Inside the room, my belongings were taken away from me. The young man asked me to turn around and face the wall with both hands pressed against it. He asked if I carried anything that could “poke” him, anything sharp, and I said no. He started feeling me going from the shoulders and down to my legs. He took out my wallet and keys and handed them to the other guy. The room was small and painted all in white. There was a bench with handcuffs on the right side of it. Across from it, a desk and computer were located. Above them, a surveillance camera. After sitting down, they asked me why I did what I did, and I said it was impulsive, that I couldn’t control it. They followed their question with the declaration of my rights, the search, the questioning. I kept asking them if the police would be involved, if I was going to spend the night in jail and they kept stearing away from answering my question, asking me to take things one step at a time instead. I was gasping so hard for air, and my mind went completely blank. I made sure to protect my Fifth Amendment right by remaining calm and not saying anything that could further incriminate me, and just answered their questions with the shortest answers possible; precise and straight to the point. As one of them put my info in their computer system, the other one went through my stuff. He opened my notebook and described the first page which I’ve decorated with random cryptograms as “some Zodiac shit” before going through the rest of my belongings. He then took out a box full of pills and asked me what they were. I said they were just basic emergency pills and that among them were pills for my anxiety. He asked for the prescription, but I didn’t carry the whole bottle with me. At that point, I could tell they were becoming more understanding, so I made sure to highlight my impulsive disorder and how the reason behind my act was not out of corruptness and greed but because of the psychological thrill it provided. Regardless of that, they maintained the level of seriousness of the matter and didn’t downplay it one bit. My photo was then taken after the bigger man had to walk out to deal with the situation. The young one stood with his back facing the door and watched me fill out some paperwork regarding a civil demand I had to pay once I received the amount in the mail. I was mostly concerned on whether or not the crime would go on my permanent record and he said it would. Back in the room, the man said I’m no longer allowed to walk inside the store, that if I did, I’d be trespassing. He proceeded in telling me the police was waiting for me outside, and that’s when I started to freak out. I put my sunglasses on to make my arrest less humiliating and the young man escorted me outside the room. He walked me through another set of back doors, and I felt myself fading. Once I stepped outside, though, there was no one. I turned to him and he said:
“You’re free to go. Don’t ever come back here.”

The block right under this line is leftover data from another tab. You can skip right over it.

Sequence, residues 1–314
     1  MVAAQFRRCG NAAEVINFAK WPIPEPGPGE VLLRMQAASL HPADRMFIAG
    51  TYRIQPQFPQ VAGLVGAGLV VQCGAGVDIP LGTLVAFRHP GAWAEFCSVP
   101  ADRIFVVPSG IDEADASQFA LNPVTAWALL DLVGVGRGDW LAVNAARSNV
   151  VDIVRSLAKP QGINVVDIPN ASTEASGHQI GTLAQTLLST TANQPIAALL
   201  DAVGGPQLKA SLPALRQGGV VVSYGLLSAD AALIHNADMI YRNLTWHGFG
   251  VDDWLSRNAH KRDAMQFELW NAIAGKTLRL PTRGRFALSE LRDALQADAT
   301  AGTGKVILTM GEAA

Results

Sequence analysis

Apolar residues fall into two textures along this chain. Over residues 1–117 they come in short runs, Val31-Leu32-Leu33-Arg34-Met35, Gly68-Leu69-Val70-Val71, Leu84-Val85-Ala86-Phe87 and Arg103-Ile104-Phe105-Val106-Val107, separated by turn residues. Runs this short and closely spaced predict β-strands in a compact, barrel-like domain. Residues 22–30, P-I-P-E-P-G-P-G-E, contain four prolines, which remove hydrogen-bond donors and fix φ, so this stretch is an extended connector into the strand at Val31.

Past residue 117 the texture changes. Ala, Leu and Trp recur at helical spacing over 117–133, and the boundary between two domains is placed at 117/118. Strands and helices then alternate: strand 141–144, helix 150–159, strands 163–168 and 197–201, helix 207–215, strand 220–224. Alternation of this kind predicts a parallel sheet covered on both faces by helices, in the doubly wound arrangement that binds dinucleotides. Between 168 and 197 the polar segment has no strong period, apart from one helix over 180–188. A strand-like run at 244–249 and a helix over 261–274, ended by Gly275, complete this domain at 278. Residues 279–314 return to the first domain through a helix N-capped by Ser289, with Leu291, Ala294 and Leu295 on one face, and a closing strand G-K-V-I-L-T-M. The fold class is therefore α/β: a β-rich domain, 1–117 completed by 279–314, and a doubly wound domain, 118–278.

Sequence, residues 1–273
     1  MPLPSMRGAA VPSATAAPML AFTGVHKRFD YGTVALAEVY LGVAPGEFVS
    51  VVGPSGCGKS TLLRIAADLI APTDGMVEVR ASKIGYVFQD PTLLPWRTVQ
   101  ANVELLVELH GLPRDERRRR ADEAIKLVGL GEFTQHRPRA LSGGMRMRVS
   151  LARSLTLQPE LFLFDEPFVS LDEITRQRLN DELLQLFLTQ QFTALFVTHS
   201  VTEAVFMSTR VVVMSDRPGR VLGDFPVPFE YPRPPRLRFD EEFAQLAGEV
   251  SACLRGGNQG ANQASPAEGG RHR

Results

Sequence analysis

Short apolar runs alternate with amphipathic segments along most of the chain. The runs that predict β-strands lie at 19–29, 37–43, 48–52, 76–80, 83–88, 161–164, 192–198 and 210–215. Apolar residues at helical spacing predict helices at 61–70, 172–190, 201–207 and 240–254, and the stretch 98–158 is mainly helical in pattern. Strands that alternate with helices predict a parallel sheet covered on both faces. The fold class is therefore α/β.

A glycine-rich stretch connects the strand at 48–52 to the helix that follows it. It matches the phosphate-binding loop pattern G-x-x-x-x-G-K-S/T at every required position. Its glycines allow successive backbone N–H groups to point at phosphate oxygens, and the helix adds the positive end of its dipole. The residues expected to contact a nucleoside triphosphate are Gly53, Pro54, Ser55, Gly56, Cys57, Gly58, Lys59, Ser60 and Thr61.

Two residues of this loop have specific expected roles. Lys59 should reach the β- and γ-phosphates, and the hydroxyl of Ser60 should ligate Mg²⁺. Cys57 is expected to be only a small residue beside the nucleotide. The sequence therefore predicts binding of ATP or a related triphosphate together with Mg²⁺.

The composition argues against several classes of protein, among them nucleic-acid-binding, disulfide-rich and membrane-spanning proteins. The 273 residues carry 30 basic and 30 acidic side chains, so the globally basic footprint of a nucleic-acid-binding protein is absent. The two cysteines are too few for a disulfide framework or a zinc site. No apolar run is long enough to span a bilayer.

The relief intensified. I looked at the sky, breathed the air, cherished the moment and walked away as fast as I could. I figured out that the whole act was to scare me, that the police wasn’t notified, that my record was still clean, so I embraced my luck, counted my blessings and vowed not to do it ever again.
In my head, the whole incident wasn’t over. Something was missing. Although I didn’t want to be jailed, I knew I had to be disciplined. That week, The Hole, a leather and fetish bar located on the northern side of the city was celebrating its thirtieth anniversary, so I took advantage knowing I’d find a dominant, big individual who could put me back in place. I used to think bondage and kinky sex were for damaged and violent people; people who grew up in bad environments or were exposed to perverted and aberrant things. Although this theory isn’t completely invalid, some did it for the fun and excitement it provided. I did it for both, but that night, I had a very specific reason: I did it to heal.
Dark beat. Dark room. Fierceness. I walked in and the host asked me to strip out of my clothes. I remained in my briefs and walked inside the main room, red flashy lights highlighted the contrast my eyes desperately tried to adjust to. I couldn’t see clearly and every passing flash seemed to abruptly scatter the men around the room; it was like watching some sort of a distorted stop-motion animation. I set my eyes on a man and followed him downstairs to an ominous and barely lit basement floor where everyone was fucking everyone. A long corridor separated individual rooms located right next to each other. I saw the man walk into one of them. I remained outside and watched him engage aggressively with another man. I felt awkward, so I moved away. I could tell someone was watching me. I turned and found a large, beefy man with bright blue eyes hidden under a cap and a voluptuous black and thickly hipster beard starring at me while a boy gave him a deep blowjob. His face was chiseled and his muscly hands were firmly pressed against the boy’s head pushing him deeper in aggressively. I was drawn to him, so I kept making eye contact until he pushed the boy away and walked toward me. He got so close and leaned in to smell me. I didn’t move and let him take me into one of the rooms. He pressed his hand against my chest and started to rub it before moving upward and aiming for my throat. He looked at me, reversed his cap which partially revealed his half-obscured chiseled face and buried his tongue deep in my mouth. My initial resistance led by my nervousness quickly weakened until I became fully submissive. He gave absolutely no tolerance toward any failure to act accordingly with his wishes. His voice had a threatening undertone, but I craved to be debased and treated like his property. I wanted to be punished and cured of my bona fide addictions through the mechanics of violent sex. It was like some twisted sort of therapy.